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Fri June 28, 2013
At Trial, Witness Says Zimmerman Acted In Self-Defense
Originally published on Fri June 28, 2013 9:22 pm
AUDIE CORNISH, HOST:
It's ALL THINGS CONSIDERED from NPR News. I'm Audie Cornish.
ROBERT SIEGEL, HOST:
And I'm Robert Siegel. Today, in the trial of George Zimmerman, a key witness bolstered Zimmerman's claim that he acted in self-defense when he killed teenager Trayvon Martin. The witness was a neighbor in the Sanford, Florida community where Zimmerman encountered Martin and he was the only person to see them fight before Zimmerman fired the gunshot that ended Martin's life.
Here's NPR's Greg Allen.
GREG ALLEN, BYLINE: On that night in February of last year, John Good and his wife were watching TV in their townhome when Good says he heard sounds outside. In the courtroom in Sanford today, he told prosecutor Bernie de la Rionda he opened the sliding door to his patio and stepped outside. He saw two people struggling and one soon was on top of the other in a straddling position. He said he could tell it was serious.
JOHN GOOD: Because it looked like there were strikes being thrown or punches being thrown, but as I clarified, due to the lighting, it could have also been, you know, holding down.
ALLEN: This is a story John Good has told many times before. He spoke to police that night and, over the next 16 months, was interviewed by other police, state investigators, prosecutors and the defense. In an early interview, he said the person on top was, quote, "raining down blows in a style similar to MMA," Mixed Martial Arts fighting. In more recent depositions, though, Good modified that description, saying he's not sure now he saw any blows struck.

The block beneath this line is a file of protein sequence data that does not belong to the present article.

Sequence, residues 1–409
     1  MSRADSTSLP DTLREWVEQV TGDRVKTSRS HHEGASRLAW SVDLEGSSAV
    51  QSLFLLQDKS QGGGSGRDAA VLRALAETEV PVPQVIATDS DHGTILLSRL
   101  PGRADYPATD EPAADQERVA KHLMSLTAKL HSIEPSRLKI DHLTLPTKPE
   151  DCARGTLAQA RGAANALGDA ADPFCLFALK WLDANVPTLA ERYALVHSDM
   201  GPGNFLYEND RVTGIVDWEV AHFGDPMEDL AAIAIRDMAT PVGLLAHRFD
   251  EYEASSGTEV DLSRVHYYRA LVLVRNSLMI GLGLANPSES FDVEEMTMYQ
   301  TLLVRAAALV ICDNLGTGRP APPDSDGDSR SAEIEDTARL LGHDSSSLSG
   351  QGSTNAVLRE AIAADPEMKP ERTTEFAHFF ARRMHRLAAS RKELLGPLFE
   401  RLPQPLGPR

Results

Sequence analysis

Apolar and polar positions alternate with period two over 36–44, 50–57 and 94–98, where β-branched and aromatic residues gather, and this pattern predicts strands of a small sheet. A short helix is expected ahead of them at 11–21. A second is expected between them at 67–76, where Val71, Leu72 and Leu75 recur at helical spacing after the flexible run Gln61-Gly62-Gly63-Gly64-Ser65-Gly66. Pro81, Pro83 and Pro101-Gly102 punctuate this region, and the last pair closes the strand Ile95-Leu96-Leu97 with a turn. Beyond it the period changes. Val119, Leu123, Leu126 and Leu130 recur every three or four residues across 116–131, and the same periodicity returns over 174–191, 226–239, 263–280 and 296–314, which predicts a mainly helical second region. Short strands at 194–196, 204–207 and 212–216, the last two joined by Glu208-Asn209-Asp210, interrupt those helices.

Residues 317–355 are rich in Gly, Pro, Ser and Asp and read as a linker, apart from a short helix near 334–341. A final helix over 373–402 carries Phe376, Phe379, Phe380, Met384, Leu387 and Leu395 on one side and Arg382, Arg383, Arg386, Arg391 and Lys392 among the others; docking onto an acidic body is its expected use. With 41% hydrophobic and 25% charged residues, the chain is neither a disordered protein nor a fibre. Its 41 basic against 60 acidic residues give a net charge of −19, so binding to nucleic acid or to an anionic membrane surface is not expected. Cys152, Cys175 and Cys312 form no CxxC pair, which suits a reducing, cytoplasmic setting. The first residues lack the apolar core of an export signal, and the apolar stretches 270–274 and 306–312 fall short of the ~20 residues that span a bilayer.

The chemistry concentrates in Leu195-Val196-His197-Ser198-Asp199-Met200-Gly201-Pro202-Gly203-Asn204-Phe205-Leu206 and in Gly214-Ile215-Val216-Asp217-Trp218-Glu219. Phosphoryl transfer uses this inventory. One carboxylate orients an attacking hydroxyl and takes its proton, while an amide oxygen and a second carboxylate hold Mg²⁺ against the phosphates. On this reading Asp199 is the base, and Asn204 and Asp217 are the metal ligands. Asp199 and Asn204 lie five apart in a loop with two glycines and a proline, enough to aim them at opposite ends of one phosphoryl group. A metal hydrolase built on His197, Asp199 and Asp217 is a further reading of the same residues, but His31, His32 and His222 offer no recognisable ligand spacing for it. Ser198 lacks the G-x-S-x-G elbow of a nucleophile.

In the courtroom, he said he never saw Trayvon Martin slam George Zimmerman's head against the concrete as the defendant claims. De la Rionda picked up the questioning.
BERNIE DE LA RIONDA: The person on top - could you tell where that person on top was actually striking? And here's what I'm going to do.
(SOUNDBITE OF SLAPPING NOISE)
RIONDA: Were they going like this?
GOOD: I could not hear that. No.
RIONDA: Could you hear...
(SOUNDBITE OF POUNDING NOISE)
ALLEN: Several other neighbors from the townhome community who have testified so far have raised questions about parts of Zimmerman's story. Except for John Good, though, none actually saw the fight before the shot was fired.
Under questioning by Zimmerman's lawyer Mark O'Mara today, Good confirmed some key parts of Zimmerman's version of events.
MARK O'MARA: The person who you now know to be Trayvon Martin was on top. Correct?
O'MARA: And he was the one who was raining blows down on the person on the bottom, George Zimmerman. Right?
GOOD: That's what it looked like.
ALLEN: O'Mara also got Good to confirm another key part of Zimmerman's story that the Neighborhood Watch volunteer was the one calling for help.
O'MARA: You now believe that that was George Zimmerman's voice. Correct?
GOOD: I never said that.
O'MARA: Do you believe...
GOOD: It could have been his, but I was not 100 percent sure.
O'MARA: I'm not asking for 100 percent certainty. I'm asking you to use your common sense and to tell us if you think that that was George Zimmerman's voice screaming for help, the person on the bottom.
GOOD: That's just my opinion.
ALLEN: Today caps the first week of testimony in the trial. The defense expects to begin its case next week. Under Florida's Stand Your Ground Law because Zimmerman claims he acted in self-defense, there's a presumption of innocence. To convict him of murder, prosecutors have to convince the six-person jury that he shot Trayvon Martin, not to protect himself, but because he wanted to.
Greg Allen, NPR News, Miami. Transcript provided by NPR, Copyright NPR.